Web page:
2009 Women to Watch: Carol L. MurphyPosted On: Dec. 6, 2009 12:00 AM CST
Aon Risk Services
In the slightly more than two years that Carol L. Murphy has led Aon Risk Services' Midwest region casualty practice, Aon's casualty book of business in the region has grown 30%. Ms. Murphy joined the broker in 1990, rising through the ranks before assuming responsibility for Aon's casualty business in the Midwest in 2007. In serving as a client advocate, among other things, Ms. Murphy has worked with insurance markets to craft innovative casualty program collateral arrangements that minimize obligations during a multiple-year period, established benchmarks to achieve pricing efficiencies and helped develop broad customized policy wordings. At Aon, she also is a leader in the company's Women's International Network, a group working to promote the advancement of women at Aon and in the insurance industry overall.
Your professional role model: I'd have to say Corbette Doyle was a very important role model for me. She's no longer with Aon, but she was our chief diversity officer.
Best professional advice you've received: The best professional advice I ever received was early in my career. My mentor at that time told me always to focus on what was best for the customer and that, if I always focused in any situation on what was best for the customer, I'd never run into any challenges. And she was right.
Advice for women entering the field: To work hard and keep the focus always on the customer. At Aon, we have the Aon Client Promise, which is a consistent, rigorous, global discipline of how we serve customers. Stay focused on those tenets and always doing our best work for customers or helping colleagues help customers, and their careers will move in the right direction.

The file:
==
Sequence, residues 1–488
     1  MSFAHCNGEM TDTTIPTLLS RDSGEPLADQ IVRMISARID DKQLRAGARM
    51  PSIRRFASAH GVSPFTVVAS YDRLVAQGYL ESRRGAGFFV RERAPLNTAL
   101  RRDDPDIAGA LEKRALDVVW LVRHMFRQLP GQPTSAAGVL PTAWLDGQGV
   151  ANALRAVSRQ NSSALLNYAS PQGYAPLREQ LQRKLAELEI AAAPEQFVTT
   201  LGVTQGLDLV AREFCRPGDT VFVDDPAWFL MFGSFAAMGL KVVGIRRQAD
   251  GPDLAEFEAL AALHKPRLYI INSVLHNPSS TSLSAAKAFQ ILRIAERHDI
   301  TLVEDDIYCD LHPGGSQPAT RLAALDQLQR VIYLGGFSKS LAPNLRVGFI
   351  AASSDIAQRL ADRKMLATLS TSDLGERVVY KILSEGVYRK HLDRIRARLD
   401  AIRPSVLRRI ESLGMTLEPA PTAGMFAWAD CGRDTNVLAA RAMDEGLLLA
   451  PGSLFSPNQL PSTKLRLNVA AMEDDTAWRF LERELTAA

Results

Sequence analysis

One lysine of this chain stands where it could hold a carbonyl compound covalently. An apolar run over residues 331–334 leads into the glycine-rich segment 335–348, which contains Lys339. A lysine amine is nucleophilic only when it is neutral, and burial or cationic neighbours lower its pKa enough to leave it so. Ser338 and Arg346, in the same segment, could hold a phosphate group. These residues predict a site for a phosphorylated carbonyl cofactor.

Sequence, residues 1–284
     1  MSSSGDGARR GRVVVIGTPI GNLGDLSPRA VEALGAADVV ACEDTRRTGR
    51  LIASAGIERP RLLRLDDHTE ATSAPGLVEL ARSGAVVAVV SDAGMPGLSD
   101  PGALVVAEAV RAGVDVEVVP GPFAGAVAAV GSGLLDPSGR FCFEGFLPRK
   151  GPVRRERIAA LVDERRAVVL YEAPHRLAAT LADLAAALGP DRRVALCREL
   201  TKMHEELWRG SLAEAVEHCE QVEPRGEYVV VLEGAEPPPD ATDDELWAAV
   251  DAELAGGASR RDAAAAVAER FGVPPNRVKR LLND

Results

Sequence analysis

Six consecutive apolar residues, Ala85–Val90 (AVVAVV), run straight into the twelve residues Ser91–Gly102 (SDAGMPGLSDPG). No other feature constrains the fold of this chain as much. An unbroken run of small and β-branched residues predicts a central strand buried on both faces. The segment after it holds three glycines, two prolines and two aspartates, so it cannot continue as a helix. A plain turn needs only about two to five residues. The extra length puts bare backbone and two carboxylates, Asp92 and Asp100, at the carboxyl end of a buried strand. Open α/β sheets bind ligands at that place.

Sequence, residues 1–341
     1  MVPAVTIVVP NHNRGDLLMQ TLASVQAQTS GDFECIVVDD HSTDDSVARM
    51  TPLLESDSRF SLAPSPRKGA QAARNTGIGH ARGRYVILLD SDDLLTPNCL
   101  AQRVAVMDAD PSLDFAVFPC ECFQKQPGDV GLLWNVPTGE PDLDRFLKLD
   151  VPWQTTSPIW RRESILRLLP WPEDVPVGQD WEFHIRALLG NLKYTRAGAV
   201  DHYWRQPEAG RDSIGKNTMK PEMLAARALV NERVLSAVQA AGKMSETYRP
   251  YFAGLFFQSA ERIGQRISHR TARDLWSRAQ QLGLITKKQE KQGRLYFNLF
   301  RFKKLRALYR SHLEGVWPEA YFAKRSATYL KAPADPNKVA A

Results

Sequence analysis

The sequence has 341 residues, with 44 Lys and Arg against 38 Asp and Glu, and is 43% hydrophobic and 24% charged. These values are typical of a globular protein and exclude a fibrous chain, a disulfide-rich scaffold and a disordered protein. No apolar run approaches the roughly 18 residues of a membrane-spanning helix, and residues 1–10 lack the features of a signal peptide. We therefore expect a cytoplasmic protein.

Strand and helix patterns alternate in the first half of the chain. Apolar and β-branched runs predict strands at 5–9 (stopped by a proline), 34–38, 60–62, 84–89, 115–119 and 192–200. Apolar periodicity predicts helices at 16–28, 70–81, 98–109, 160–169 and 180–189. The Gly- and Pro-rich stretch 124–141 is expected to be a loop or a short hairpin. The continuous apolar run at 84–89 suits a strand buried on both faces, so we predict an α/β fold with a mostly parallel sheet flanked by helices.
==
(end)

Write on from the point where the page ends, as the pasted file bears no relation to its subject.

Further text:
What you wanted to be professionally while growing up: It was indirect, but I did want to be in business and I wanted to serve large corporations. That's all I knew, that I wanted to work with large companies.
Best book you've read recently: I think I'll go with "Blink: The Power of Thinking Without Thinking" by Malcolm Gladwell.
Phone or e-mail and why: I think that they're both very useful in different ways. One of the things I like about e-mail is that it can be very transparent. So I communicate with insurance companies on customers' behalf, and many times I may send the same e-mail to multiple companies and copy the client so everyone has exactly the same information and we can make sure it's fair and honest. I do think, though, that there are some things that don't lend themselves to print. I guess I would say I prefer phone because I think it's more personal and there are just certain intonations or expressions—you may need to speak to a customer about challenging situations—that you can't really put in an e-mail.